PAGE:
• Write Now: American Literature in the 1980s and 1990s

    An issue of: American Literature
    Volume: 68
    Issue: 1
    Pages: 316
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  • 1. Preface: Write Now: American Literature in the 1980s and 1990–Sharon O'Brien

    2. Books and Silence–Jonathan Strong

    3. f-Words: An Essay on the Essay–Rachel Blau DuPlessis

    4. Alice Walker's The Temple of My Familiar as Pastiche–Bonnie Braendlin

    5. Art Spiegelman's Maus: Graphic Art and the Holocaust–Thomas Doherty

    6. Food, Sex, and Betrayal–Miriam Levine

    7. Reservation Home Movies: Sherman Alexie's Poetry–Jennifer Gillan

    8. Nothing Left to Lose: Housekeeping's Strange Freedoms–Christine Caver

    9. Resignifying Autobiography: Lyn Hejinian's My Life–Juliana Spahr

    10. "Standing At The Corner Of Walk And Don't Walk": Vintage Contemporaries, Bright Lights, Big City, and the Problems of betweenness–Stephanie Girard

    11. Heart's Blood–Robert Olmstead

    12. "How to Live. What to do.": The Poetics and Politics of AIDS–Deborah Landau

    Book Reviews

    13. The Cambridge History of American Literature, Volume I: 1590-1820 by Sacvan Bercovitch–Carla Mulford

    14. Authorizing the Past: The Rhetoric of History in Seventeenth-Century New England by Stephen Carl Arch–Bernard Rosenthal

    15. The Philosophy of Jonathan Edwards: A Study in Divine Semiotics by Stephen H. Daniel–Christopher Grasso

    16. American Women Writers and the Work of History, 1790-1860 by Nina Baym–Sharon M. Harris

    17. That Pale Mother Rising: Sentimental Discourses and the Imitation of Motherhood in Nineteenth-Century America by Eva Cherniavsky–Michelle Burnham

    18. Parables of Possibility: The American Need for Beginnings by Terence Martin–Armida Gilbert

    19. The First Woman in the Republic: A Cultural Biography of Lydia Maria Child by Carolyn L. Karcher–Dana D. Nelson

    20. Cultural Reformations: Lydia Maria Child and the Literature of Reform by Bruce Mills–Marilyn M. Wilton

    21. Philosophical Passages: Wittgenstein, Emerson, Austin, Derrida by Stanley Cavell–Martin Kevorkian

    22. The Civil War World of Herman Melville by Stanton Garner–Robert Milder

    23. Melville and Repose: The Rhetoric of Humor in the American Renaissance by John Bryant–Elizabeth Huyck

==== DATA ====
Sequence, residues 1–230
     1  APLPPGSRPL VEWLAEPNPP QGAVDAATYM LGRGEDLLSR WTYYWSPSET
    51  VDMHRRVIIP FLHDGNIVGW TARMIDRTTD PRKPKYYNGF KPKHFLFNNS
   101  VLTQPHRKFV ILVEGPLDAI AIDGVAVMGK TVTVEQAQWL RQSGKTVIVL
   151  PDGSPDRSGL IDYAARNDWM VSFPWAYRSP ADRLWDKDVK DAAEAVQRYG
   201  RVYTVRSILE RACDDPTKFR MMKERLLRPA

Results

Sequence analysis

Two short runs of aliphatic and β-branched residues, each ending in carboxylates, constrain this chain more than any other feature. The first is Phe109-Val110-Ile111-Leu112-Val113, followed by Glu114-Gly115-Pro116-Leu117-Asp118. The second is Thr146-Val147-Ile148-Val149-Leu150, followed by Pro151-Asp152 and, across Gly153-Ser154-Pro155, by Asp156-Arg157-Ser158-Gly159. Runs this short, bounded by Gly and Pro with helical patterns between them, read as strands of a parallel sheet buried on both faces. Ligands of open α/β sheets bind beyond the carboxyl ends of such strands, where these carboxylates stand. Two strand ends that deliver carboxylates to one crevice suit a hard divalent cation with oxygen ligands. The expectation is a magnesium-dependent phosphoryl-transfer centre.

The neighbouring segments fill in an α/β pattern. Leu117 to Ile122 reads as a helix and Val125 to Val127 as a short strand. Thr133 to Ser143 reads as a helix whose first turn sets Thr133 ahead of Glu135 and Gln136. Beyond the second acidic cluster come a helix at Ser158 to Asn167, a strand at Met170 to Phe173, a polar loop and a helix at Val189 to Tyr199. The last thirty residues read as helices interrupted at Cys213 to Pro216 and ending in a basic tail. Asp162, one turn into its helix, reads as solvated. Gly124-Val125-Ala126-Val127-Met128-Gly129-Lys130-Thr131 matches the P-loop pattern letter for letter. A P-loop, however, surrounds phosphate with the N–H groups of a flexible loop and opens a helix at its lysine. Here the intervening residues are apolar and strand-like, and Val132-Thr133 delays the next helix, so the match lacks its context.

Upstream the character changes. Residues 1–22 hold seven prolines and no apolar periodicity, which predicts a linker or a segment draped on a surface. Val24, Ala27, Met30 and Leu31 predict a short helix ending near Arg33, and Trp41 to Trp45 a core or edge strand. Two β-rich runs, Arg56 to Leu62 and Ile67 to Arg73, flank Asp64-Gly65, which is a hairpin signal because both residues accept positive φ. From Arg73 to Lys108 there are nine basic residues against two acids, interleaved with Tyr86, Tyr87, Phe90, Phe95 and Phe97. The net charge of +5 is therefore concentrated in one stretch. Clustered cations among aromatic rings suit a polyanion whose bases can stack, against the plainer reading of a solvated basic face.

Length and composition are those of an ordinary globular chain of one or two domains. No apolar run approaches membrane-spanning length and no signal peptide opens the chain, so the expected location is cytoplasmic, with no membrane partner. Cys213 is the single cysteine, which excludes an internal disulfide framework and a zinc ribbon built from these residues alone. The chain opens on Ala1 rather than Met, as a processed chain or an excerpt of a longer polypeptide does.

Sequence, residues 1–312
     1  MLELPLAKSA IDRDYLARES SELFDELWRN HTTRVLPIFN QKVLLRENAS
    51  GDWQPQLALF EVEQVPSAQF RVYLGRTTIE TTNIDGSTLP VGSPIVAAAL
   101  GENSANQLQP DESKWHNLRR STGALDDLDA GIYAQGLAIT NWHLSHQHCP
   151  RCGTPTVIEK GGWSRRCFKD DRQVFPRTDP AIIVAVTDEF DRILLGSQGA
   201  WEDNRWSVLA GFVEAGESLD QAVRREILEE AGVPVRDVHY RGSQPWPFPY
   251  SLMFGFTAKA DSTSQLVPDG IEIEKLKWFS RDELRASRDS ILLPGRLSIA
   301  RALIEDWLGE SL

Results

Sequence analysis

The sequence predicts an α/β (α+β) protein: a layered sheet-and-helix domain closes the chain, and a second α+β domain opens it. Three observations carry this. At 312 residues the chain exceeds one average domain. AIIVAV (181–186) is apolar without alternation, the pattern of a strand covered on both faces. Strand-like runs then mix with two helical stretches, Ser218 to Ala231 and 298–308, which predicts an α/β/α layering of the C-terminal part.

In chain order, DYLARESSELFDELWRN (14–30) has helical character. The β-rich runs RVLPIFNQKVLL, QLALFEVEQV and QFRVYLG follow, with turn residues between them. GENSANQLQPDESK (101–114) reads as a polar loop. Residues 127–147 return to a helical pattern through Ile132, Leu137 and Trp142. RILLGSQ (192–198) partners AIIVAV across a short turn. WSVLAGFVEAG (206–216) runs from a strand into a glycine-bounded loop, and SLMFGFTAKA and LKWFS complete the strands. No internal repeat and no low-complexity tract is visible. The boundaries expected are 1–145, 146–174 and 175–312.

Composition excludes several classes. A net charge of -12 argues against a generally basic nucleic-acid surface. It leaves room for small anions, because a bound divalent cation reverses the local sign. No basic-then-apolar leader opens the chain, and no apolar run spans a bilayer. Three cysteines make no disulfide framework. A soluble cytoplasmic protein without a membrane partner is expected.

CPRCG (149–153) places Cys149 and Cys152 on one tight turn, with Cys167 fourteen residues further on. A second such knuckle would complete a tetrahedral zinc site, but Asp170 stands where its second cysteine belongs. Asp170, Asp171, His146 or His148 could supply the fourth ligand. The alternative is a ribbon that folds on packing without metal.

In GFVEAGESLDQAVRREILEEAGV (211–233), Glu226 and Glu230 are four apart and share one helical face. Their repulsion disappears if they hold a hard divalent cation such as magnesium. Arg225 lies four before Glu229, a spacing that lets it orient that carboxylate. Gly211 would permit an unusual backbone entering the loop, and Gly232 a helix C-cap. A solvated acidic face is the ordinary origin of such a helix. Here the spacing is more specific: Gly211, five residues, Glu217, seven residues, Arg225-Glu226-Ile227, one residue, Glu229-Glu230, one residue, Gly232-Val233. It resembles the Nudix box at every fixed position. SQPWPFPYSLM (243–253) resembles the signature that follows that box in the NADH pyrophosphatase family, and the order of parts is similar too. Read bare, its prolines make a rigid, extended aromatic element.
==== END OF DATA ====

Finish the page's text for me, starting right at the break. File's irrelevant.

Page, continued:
24. Melville's Art of Democracy by Nancy Fredricks–Bruce L. Grenberg

    25. Melville and the Politics of Identity: From "King Lear" to "Moby-Dick” by Julian Markels–Linck C. Johnson

    26. Mark Twain on the Loose: A Comic Writer and the American Self by Bruce Michelson–Louis J. Budd

    27. Acting Naturally: Mark Twain in the Culture of Performance by Randall Knoper–Gregg Camfield

    28. The Fictional Republic: Horatio Alger and American Political Discourse by Carol Nackenoff–Charles L. Crow

    29. Transcendent Daughters in Jewett's "Country of the Pointed Firs” by Joseph Church–Victoria Brehm

    30. Charlotte Perkins Gilman: Her Progress Toward Utopia with Selected Writings by Carol Farley Kessler–Dale Bauer

    31. Terrible Honesty: Mongrel Manhattan in the 1920s by Ann Douglas–Chip Rhodes

    32. Howard Mumford Jones and the Dynamics of Liberal Humanism by Peter Brier–Paul Hansom

    33. The "Other" New York Jewish Intellectuals by Carole S. Kessner–Peter Powers

    34. Out of Line: History, Psychoanalysis, and Montage in H. D.'s Long Poems by Susan Edmunds–Hilary Holladay

    35. Modernism from Right to Left: Wallace Stevens, the Thirties, and Literary Radicalism by Alan Filreis–David H. Hesla

    36. The Frost Family's Adventure in Poetry: Sheer Morning Gladn

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  • Description

    Write Now speculates on some of the dominant literary and critical trends in contemporary American literature, bringing together writers and critics in a volume that shows how literature engages both the mind and the heart. The essays in this collection show that today’s writers are blurring the lines between genres, challenging the boundaries that distinguish fiction from nonfiction, memoir from biography, essay from poetry, and autobiography from criticism.

    Contributors explore many of the relationships now shaping American literature and criticism, including the tensions between postmodernist playfulness and autobiographical earnestness, art and commerce, and politics and aesthetics. Novelists Miriam Levine, Robert Olmstead, and Jonathan Strong offers essays on their creative processes and discuss the imaginative and emotional mysteries of writing and reading. Essays on Alice Walker, Art Spiegelman, Marilynne Robinson, and AIDS literature examine how the act of writing is linked to themes of longing, discovery, desire, and betrayal.

    In evaluating both familiar and rarely studied contemporary literature from the standpoint of practicing writers as well as critics, this volume challenges the literary politics that silence critics as well as writers and testifies to the power of silent works to speak aloud. Certain to spark conversations about the politics of scholarship on current American writing, Write Now will be of interest to teachers and scholars of creative writing and American literary studies, those engaged in the arts of writing and literary criticism, and readers of contemporary American literature.

    Contributors. Bonnie Braendlin, Christine Caver, Thomas Doherty, Rachel Blau DePlessis, Jennifer Gillan, Stephanie Girard, Deborah Landau, Miriam Levine, Sharon O’Brien, Robert Olmstead, Juliana Spahr, Jonathan Strong

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